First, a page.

Now their former enemies, observing, that the Roman army had abandoned the island, immediately equipped a fleet, and, sailing over, rushed in upon them; and bearing down all before them, as if they were mowing ripe corn, cut down and trampled on every thing that came in their way. Upon this, ambassadors are again sent to Rome with a commission, to entreat the Romans in a most impressive manner not to permit their unfortunate country to be entirely destroyed; nor that the name of a Roman province, so long renowned amongst them, should be brought into contempt, by the unjust oppression of foreign nations. A legion is again sent over to their aid, which, falling suddenly on their enemies in autumn, killed a great number of them, and forced the rest to fly to their ships, and make the best of their way home, empty handed; whereas before, they used every year to carry away great plunder, without any opposition. The Romans told the Britons, that they could not any more undertake such troublesome expeditions for their defense, but advised them rather to take up arms themselves, and study and apply themselves to the art of war: since their enemies could not be superior to them on any other account, then that they suffered themselves to be enervated by idleness. Moreover, as they judged it would be of advantage to these allies, whom they were now constrained to abandon, they erected a strong wall, on a right line, between the towns which had been built on the frontiers as a defense against their enemies, in the same place where Severus had formerly drawn a trench and rampart from sea to sea; which famous wall is to be seen at this day. This they raised, (the Britons also labouring at the work,) partly at the expense of private persons, and partly at the public expense. It was twelve feet high, being eight feet wide, and extended in a straight line from East to West, as plainly appears to any one who inspects it.
Which being finished, they gave this dispirited people proper instruction in the art of war, and models by which they might furnish themselves with suitable armor. Besides, they built several castles, at a convenient distance from each other, on the southern coast of the sea, where their fleet was usually stationed, as that was the side on which there was the greatest danger of invasion to be apprehended. After which, they took leave of their allies, intending to return to them no more.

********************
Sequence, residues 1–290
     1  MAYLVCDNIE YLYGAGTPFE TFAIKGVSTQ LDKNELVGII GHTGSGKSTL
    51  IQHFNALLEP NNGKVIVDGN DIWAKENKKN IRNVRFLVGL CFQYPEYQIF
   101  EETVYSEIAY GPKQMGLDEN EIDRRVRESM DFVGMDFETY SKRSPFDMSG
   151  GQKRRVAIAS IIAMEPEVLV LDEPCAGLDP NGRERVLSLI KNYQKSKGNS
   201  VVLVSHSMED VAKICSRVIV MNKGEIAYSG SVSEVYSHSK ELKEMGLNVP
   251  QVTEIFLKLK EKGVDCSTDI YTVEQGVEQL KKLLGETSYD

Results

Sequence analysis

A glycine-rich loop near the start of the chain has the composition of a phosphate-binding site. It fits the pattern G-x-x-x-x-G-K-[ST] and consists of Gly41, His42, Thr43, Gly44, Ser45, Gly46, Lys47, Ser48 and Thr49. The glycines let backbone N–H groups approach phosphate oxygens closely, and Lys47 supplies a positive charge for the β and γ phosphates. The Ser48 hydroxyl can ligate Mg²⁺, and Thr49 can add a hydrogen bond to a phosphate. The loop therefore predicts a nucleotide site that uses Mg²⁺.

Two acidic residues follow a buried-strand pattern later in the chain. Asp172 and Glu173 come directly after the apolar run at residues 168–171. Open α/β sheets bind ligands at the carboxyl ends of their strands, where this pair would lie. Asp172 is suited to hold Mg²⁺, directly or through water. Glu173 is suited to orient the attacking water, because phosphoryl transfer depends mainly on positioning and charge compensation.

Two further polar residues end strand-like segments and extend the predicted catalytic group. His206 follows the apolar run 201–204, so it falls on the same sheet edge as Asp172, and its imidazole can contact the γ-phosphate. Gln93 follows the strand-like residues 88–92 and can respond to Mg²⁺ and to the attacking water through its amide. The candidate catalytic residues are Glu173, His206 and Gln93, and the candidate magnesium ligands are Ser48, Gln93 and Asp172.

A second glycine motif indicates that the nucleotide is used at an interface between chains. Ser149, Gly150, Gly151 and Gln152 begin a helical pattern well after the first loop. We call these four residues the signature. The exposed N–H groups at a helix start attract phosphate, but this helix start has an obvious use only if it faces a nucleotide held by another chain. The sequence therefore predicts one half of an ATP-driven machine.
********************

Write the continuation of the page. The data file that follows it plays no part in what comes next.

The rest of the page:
As soon as they were gone, the Picts and Scots, having intelligence that they had declared they would not succour the Britons again, recommenced hostilities, and being animated with greater confidence of success than they had ever been before, invaded and took possession of all the northern and farthest parts of the island, as far as the wall. On this occasion, the Britons stationed a body of men on the fortifications ; by they, stupefied at the appearance of danger, lost all their courage, and, being thus disheartened, were unable to defend themselves, But their enemies on the other side ceased not to ply them with hooked weapons, by which the cowardly defendants were dragged down to the ground and killed.
In short, leaving the wall and their cities, they were put to flight and scattered in all directions. The enemy pursues, the slaughter increase, which is more dreadful that all the former; for the wretched native are torn to pieces by their enemies, as lambs are by wolves. Thus being expelled from their habitations and possessions, they only escaped the imminent danger of perishing, by being famished, by robbing and plundering one another; adding to their calamities, occasioned by foreigners, their domestic broils, till the whole country was left destitute of every kind of food, except that procured by hunting wild beasts.